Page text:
Urban art is more frequently conceived and executed by male artists, whose ideas revolve around numerous social and political issues encountered in underprivileged city lifestyle. They are activists, agitators, protesters, opposition of the system, delivering strong and unapologetic images, propagating freedom and equality. It’s a relatively uniform world, where a different perspective does not only stand out, it comes as a breath of fresh air in the smoggy urban jungle.
The bearer of different light in such environment is Lucy McLauchlan, whose singular delicate outlook on public art delivers a wonderful alternative. Her work is contemplative and evocative enough to inspire daydreaming, elevating the viewer from the gray concrete into the realms of nature. It provides an instant escape from the mean streets, inducing positivity and hope in the observer.
Being a multi-disciplinary artist, Lucy McLauchlan fuses ancient and modern artistic processes into a unique creative practice, giving out a particularly modern graphic visuals, while expressing herself through installation, design, abstract painting and street art. Her canvas of choice includes cans, ex police riot shields, doorways, wrecked cars, plastic containers of sorts, driftwood and walls. Her style is greatly monochromatic and associative, experimental, yet timeless, executed with permanent, traditional materials. Her designs cover surf boards, while her murals extend throughout the world, from Gambia, over Detroit and Mallorca, to her own Birmingham, where she painted in the book rotunda of the biggest public library in Europe.
McLauchlan’s new body of work will be exhibited at Lazarides Rathbone next month, under the title Marking Shadows. Made where the urban and natural merge, these works will portray glimpses of the artist’s intuitive creative process, where her practice is extended and reinforced by evolution of her organic imagery. Lucy McLauchlan lets the nature guide her on her explorative painterly journey, indirectly marking crucial environmental points along the way, creating works that are both moving and sharp, subtly intriguing and entirely relevant to her conceptual and stylistic practice.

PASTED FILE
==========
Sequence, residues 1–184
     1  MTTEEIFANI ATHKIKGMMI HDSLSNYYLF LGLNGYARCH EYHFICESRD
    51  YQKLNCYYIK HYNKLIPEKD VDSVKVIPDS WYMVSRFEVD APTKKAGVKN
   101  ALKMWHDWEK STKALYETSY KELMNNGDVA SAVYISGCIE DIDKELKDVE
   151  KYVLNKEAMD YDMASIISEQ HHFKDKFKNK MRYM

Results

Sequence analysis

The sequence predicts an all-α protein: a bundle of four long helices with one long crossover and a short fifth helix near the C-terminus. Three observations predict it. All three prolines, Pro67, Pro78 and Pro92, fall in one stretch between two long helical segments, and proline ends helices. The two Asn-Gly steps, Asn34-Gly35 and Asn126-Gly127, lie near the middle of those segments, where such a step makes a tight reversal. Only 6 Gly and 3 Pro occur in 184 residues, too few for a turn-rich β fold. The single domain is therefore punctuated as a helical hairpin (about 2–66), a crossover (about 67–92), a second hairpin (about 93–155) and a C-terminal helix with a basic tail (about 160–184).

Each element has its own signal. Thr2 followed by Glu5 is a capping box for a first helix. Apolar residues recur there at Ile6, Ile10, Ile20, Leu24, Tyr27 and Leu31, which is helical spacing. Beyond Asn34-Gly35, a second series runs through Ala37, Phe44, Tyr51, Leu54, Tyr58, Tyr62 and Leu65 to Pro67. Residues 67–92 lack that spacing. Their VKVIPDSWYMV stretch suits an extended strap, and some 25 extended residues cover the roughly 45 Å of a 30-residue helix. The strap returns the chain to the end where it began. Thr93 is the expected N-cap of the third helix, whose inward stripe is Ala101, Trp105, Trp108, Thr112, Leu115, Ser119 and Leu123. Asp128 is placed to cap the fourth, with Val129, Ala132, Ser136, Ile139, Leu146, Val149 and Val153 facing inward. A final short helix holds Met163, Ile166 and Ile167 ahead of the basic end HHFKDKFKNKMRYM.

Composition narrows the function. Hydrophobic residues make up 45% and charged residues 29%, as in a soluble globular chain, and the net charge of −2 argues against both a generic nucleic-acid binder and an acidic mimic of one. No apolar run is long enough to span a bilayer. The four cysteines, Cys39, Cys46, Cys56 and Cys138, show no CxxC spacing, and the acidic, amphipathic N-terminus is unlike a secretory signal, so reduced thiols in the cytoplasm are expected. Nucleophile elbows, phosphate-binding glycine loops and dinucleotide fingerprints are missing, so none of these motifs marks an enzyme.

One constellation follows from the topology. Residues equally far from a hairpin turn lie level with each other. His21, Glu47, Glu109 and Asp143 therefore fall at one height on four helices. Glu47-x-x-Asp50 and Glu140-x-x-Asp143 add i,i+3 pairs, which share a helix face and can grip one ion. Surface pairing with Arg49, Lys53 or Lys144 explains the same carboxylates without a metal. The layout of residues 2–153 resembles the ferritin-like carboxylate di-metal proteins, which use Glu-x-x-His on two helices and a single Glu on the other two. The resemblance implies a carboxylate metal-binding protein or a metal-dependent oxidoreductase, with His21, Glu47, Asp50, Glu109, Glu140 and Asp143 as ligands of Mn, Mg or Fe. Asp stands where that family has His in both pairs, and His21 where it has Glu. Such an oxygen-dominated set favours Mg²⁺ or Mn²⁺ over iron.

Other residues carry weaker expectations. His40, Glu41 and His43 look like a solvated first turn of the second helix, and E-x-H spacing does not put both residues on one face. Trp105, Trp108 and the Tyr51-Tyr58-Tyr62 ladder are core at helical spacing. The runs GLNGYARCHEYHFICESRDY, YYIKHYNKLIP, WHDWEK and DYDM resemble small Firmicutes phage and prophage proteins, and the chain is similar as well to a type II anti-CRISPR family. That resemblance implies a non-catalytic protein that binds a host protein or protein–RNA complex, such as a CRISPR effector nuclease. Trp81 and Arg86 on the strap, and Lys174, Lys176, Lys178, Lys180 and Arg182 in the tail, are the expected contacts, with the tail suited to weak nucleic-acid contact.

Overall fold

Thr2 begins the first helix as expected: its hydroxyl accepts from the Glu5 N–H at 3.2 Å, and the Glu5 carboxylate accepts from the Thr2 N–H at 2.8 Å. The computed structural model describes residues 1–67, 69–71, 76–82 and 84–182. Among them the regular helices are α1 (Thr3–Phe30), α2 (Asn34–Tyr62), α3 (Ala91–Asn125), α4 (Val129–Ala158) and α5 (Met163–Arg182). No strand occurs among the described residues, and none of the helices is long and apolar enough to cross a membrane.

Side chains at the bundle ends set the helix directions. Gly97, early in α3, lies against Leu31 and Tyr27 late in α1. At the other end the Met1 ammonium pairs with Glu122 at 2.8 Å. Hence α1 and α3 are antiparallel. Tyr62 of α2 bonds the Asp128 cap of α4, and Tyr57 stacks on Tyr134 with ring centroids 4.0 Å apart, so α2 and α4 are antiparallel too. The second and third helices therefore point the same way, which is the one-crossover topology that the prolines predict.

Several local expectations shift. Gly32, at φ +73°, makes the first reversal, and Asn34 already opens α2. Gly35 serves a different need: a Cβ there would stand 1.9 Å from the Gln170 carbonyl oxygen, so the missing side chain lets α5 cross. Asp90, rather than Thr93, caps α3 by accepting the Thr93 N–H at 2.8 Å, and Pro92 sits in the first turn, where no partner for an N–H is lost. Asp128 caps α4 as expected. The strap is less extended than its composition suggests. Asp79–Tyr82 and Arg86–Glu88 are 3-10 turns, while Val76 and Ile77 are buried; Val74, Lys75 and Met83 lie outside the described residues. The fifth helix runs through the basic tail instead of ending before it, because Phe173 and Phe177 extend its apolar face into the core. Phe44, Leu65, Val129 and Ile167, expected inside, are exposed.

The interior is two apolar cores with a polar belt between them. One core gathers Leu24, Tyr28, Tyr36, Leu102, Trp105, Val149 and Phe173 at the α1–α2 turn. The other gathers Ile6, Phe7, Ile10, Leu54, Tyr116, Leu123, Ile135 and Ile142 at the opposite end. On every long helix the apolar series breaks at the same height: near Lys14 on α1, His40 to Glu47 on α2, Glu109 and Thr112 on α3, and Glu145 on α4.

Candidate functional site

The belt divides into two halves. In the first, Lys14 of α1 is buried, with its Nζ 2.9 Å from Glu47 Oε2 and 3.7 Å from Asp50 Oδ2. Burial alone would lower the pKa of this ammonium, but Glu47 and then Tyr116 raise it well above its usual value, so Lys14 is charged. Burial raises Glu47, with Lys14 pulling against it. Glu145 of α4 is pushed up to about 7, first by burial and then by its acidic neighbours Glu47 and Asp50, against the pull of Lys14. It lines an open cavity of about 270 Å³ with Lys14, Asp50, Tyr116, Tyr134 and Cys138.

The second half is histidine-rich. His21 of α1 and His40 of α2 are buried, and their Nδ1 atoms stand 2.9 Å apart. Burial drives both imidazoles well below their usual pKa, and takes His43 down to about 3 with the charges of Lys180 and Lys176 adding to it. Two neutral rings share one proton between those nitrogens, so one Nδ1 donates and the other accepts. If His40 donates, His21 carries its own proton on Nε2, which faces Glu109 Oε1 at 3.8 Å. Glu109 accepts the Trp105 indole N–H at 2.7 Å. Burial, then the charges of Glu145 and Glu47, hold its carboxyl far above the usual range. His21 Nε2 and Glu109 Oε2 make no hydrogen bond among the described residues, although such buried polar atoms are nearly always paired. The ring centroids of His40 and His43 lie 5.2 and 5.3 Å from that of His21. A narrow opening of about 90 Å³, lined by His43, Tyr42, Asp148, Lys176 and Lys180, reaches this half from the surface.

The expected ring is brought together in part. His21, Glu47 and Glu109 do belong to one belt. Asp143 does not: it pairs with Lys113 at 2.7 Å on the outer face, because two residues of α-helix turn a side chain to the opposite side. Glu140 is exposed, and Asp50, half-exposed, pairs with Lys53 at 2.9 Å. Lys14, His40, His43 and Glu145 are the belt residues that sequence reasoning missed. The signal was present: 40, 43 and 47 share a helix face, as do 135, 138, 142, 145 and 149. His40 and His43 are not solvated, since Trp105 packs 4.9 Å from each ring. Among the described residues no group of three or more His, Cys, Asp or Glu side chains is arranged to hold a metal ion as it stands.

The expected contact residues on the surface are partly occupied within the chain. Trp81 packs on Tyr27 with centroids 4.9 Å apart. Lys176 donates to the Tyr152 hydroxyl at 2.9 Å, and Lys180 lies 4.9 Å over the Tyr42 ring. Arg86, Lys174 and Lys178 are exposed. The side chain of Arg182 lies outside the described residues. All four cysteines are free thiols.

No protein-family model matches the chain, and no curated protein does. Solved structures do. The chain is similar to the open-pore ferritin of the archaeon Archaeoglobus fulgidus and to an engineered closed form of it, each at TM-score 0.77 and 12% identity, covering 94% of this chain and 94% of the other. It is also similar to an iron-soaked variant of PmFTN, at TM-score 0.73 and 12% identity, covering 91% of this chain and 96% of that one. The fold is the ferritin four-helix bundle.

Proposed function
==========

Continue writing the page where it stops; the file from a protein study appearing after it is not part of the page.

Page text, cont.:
Described as architectural McLauchlan’s new series does follow her know aesthetics, especially in texture, but it makes a step forward into the abstract sphere of making marks. The works are not produced in a conventional studio, but the artist transferred her materials into parks and woods around Birmingham, her hometown, welcoming the abundance of natural elements to permeate her canvas. Working in the familiar places, she emphasizes her intimate relationship with them, and the innate connection brought by her personal history in the city and its surroundings. The paintings emerge as she traces shadows, contours and textural quality of the surrounding landscape, and shape into large, experimental and coherent compositions.
Marking Shadows by Lucy McLauchlan is coming to Lazarides Rathbone on September 19, running through October 18, 2014. The special exhibition reception is scheduled for October 13, 2014,
Allowing the landscape to overwhelm her painting, Lucy McLauchlan is looking to discover the transience of human interventions made in places of nature, where she contrasts the continuous human impact and the invincible natural power throughout the body of work. Ordinary becomes glorious by McLauchlan’s hand, as she marks the light and the shadows of the less noticed, but equally important, urban life.